How CCI wants to bust hard core cartels via new “Leniency plus” regime

India plans to introduce a “Leniency plus” program — a new cartel detecting tool — that would encourage companies already under investigation for one cartel to report other cartels unknown to the competition regulator.

This proposed regime of “leniency plus” is part of the recent Competition (Amendment) Bill 2022 introduced in the Lok Sabha during the just concluded monsoon session, Ashok Kumar Gupta, Chairman, Competition of India (CCI), told BusinessLine.

“Our experience of enforcing leniency regime has been encouraging so far and has helped CCI in uncovering cartels through this route. The proposed framework of leniency plus would further incentivise applicants to come forward with disclosures regarding multiple cartels, thereby enabling CCI to save time and resources on cartels investigation. This will result in faster market corrections”, Gupta said.

This “leniency plus” regime is already recognized in jurisdictions like the UK, USA, Singapore and Brazil.

What is Leniency Plus

The current Competition Act, 2002 already has a leniency programme, which allows companies that provide sufficient information about a cartel in which they have participated to receive partial immunity from penalty. Such a program helps competition authorities to discover secret cartels and to obtain insider evidence of the infringement.

Under the existing leniency (lesser penalty rule) framework, CCI may impose a lesser penalty on a person involved in a cartel if such person has made a full and true disclosure in respect of alleged violations and such disclosure is vital.

Now the Indian authorities are going one step further through the proposed introduction of the “Leniency Plus” programme.

Under ‘Leniency Plus’, a cartelist who is cooperating with CCI for leniency, can disclose the existence of another cartel in an unrelated market in the course of original leniency proceedings in exchange for an additional reduction in penalty.

Leniency Plus is a proactive antitrust enforcement strategy aimed at attracting leniency applications by encouraging companies already under investigation for one cartel to report other cartels unknown to the competition regulator.

The benefit that would entail from such disclosure is reduction of penalty in the first cartel to the person disclosing the information, without prejudice to the company obtaining a lesser penalty regarding the newly disclosed cartel.

Leniency programs play an instrumental role in assisting competition authorities in detecting, investigating and prosecuting hard-core cartels.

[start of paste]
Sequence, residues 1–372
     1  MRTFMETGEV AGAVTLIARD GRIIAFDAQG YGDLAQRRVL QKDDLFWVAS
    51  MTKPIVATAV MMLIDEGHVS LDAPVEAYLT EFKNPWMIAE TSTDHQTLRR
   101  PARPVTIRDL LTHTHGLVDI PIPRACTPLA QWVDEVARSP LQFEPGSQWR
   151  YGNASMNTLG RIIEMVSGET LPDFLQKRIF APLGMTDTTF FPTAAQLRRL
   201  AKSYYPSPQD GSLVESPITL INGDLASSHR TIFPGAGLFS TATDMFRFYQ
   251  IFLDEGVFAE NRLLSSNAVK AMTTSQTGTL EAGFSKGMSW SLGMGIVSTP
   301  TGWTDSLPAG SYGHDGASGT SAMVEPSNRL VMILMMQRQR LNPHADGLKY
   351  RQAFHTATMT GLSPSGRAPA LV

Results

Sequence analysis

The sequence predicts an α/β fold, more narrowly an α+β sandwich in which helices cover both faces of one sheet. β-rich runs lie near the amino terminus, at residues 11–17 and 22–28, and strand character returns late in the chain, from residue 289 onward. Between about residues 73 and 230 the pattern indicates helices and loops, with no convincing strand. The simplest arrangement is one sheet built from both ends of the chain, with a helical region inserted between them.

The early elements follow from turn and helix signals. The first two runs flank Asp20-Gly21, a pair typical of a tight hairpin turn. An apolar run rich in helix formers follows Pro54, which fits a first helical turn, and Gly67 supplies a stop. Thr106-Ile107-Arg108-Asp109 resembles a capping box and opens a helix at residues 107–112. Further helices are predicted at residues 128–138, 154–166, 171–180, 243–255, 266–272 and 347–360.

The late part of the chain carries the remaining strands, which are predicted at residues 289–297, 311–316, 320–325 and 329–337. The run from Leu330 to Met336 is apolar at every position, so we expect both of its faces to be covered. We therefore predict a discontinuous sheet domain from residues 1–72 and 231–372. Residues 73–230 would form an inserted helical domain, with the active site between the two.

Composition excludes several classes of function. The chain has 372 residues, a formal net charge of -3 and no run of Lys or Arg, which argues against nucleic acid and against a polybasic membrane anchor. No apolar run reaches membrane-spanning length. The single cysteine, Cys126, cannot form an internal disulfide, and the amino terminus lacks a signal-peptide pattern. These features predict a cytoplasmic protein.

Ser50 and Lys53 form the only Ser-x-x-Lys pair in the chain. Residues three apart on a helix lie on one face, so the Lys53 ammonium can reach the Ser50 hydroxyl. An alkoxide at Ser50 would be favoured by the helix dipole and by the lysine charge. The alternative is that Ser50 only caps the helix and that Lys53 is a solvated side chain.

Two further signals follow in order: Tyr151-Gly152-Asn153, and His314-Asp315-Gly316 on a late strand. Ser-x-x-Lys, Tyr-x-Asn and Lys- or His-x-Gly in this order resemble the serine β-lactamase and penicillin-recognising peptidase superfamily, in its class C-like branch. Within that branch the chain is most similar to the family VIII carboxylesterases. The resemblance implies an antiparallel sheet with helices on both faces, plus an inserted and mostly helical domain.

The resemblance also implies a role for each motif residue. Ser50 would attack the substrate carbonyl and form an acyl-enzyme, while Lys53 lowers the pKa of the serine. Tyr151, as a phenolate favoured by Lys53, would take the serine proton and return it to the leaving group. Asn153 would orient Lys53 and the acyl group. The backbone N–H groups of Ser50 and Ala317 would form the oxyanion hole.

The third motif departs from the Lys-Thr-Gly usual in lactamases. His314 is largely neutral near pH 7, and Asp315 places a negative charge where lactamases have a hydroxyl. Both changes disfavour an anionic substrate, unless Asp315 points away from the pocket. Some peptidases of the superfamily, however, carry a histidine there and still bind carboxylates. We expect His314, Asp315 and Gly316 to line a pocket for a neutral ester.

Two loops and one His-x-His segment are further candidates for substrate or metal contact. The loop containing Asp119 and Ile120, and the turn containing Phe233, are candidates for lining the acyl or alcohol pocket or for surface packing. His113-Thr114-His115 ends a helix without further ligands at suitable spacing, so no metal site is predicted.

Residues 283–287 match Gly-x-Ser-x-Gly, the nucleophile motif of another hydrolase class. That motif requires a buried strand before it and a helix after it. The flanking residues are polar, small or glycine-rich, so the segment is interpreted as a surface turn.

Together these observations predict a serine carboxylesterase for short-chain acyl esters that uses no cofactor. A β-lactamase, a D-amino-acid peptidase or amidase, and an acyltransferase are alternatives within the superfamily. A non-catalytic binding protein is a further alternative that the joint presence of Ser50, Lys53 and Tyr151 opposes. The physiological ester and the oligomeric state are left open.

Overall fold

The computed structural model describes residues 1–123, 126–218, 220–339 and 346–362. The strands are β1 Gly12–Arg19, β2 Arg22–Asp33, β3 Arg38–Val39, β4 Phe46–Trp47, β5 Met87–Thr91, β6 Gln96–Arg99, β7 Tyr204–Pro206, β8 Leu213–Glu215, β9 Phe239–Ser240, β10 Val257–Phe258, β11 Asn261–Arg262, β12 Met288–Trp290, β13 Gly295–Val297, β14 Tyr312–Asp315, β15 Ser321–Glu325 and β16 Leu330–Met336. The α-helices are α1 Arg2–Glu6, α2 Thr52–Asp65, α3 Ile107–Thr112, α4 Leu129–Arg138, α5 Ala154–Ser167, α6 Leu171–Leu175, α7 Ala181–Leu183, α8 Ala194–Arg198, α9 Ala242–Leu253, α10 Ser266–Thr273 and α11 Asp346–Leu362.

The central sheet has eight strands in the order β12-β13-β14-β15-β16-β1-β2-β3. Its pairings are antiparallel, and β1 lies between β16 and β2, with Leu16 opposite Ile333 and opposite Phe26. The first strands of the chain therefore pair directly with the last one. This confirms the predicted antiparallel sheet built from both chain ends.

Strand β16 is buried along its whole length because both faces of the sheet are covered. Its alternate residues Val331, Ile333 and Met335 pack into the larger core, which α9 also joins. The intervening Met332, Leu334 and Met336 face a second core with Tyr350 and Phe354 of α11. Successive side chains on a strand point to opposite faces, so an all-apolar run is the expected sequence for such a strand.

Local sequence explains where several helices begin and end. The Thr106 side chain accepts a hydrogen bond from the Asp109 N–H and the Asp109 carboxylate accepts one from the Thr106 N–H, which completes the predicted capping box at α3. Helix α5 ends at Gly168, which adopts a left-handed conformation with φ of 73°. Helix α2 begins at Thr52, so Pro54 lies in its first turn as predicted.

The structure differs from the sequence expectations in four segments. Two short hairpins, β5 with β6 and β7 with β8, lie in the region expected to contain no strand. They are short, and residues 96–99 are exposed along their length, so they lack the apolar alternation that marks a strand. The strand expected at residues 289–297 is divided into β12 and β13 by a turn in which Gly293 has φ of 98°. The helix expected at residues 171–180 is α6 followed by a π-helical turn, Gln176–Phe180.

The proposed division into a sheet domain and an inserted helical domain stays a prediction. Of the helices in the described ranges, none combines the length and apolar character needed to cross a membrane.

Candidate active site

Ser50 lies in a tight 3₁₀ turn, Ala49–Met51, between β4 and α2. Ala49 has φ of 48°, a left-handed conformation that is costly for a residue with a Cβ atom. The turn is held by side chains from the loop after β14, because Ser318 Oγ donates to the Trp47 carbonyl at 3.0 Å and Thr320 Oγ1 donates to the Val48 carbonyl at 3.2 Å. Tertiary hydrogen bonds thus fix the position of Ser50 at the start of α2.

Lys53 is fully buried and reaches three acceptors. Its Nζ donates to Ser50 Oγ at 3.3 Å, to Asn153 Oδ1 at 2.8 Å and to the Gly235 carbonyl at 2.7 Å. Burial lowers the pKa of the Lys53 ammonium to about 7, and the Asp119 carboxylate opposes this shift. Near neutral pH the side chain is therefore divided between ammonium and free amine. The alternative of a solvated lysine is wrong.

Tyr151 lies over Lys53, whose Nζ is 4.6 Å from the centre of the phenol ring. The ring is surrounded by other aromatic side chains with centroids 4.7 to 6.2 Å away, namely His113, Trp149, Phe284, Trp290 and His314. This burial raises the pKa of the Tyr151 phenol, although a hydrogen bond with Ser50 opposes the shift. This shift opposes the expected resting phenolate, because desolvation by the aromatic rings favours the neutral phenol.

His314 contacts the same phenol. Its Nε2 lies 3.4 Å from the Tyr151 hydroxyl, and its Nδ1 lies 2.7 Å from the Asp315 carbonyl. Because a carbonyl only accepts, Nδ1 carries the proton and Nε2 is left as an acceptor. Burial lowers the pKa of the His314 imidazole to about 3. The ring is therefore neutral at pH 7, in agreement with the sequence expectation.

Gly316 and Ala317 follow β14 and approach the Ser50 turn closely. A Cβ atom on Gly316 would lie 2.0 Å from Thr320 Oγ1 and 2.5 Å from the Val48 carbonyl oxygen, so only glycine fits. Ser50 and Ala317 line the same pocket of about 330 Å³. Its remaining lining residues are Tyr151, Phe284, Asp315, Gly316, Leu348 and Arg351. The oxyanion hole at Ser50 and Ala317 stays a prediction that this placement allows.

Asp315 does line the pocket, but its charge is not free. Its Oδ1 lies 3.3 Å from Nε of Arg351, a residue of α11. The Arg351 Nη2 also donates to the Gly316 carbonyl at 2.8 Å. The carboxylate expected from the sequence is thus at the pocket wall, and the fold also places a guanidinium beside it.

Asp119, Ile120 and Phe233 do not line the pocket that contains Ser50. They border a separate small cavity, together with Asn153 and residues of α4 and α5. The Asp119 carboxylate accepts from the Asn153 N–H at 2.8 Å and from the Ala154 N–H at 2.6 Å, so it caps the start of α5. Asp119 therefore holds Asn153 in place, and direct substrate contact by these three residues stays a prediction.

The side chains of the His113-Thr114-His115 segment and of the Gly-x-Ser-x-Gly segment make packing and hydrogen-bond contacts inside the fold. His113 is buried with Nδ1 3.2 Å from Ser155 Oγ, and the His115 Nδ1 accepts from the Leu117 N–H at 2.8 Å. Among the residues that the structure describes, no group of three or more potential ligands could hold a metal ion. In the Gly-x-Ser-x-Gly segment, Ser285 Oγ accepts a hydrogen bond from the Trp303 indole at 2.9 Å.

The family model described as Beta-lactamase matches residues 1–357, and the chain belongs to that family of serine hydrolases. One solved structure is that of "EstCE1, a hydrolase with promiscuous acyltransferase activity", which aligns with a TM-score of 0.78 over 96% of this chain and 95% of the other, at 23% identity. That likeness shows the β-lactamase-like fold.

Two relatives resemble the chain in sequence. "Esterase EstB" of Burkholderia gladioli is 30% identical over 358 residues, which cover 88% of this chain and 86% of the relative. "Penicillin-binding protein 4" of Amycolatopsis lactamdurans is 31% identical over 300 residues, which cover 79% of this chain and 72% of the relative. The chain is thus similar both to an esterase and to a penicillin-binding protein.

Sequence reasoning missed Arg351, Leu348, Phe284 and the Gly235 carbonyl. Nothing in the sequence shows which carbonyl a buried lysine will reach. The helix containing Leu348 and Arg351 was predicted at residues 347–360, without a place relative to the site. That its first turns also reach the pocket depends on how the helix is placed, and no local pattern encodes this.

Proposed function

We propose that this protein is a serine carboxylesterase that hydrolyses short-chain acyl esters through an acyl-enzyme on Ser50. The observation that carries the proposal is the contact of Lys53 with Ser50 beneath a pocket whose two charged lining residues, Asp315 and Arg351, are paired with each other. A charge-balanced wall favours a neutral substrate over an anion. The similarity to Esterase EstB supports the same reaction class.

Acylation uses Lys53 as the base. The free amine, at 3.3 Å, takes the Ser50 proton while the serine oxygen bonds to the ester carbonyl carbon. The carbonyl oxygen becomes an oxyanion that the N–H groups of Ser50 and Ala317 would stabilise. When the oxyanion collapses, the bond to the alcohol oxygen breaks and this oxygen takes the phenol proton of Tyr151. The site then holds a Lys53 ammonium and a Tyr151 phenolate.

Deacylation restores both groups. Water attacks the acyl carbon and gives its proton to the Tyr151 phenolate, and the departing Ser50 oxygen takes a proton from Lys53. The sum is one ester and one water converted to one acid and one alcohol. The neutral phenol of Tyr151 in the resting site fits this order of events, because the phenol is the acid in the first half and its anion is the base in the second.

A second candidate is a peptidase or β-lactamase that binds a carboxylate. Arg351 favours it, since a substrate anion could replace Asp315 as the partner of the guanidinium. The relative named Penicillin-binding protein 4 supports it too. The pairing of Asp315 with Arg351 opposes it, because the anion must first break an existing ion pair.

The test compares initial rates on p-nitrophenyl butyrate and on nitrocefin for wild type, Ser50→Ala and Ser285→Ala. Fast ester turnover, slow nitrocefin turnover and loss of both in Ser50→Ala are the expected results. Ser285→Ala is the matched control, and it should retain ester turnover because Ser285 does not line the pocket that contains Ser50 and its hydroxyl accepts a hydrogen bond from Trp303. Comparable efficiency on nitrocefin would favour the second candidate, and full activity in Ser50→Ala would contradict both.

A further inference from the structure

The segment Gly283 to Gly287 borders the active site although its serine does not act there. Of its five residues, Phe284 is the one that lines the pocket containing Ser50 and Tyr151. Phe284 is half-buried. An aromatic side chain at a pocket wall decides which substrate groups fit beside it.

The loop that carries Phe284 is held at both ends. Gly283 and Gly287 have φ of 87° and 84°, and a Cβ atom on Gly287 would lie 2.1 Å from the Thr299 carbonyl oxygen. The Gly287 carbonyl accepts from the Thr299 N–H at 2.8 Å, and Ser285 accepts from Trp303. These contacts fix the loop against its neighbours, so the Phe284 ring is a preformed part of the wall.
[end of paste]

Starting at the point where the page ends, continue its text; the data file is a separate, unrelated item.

Cartels are recognized as the most egregious violation of competition law and accordingly, it has been the focus of competition enforcement. It is indisputable that competition authorities face significant obstacles in detecting and prosecuting cartels since they operate under a cloak of secrecy. With a view to dealing with such challenges, most jurisdictions have developed leniency programmes. While the Competition Act provides a framework for CCI to deal with leniency/lesser penalty applications, it presently does not recognize leniency plus.

Anisha Chand, Partner, Khaitan &Co, said: “Thus far, the CCI has had a good run with the existing framework of the leniency regime which is probably the reason why leniency plus was contemplated to provide increased incentive and impetus to cartel members to disclose cartel actively. That said, since leniency doesn’t offer protection against damage claims by third parties, it remains to be seen if leniency plus will remain as attractive once the private damages regime develops fully”.

Another major reform embarked upon in the Competition (amendment) Bill is to enable leniency applicants to withdraw lesser penalty applications. Under the existing lesser penalty framework in the Competition Act, there is no provision enabling withdrawal of lesser penalty application. It may happen that certain enterprises apply for a lesser penalty application at the beginning of discovery of internal documents, yet, pursuant to a detailed internal investigation, the enterprise may learn that there has been no contravention of the law.

Published on

August 15, 2022

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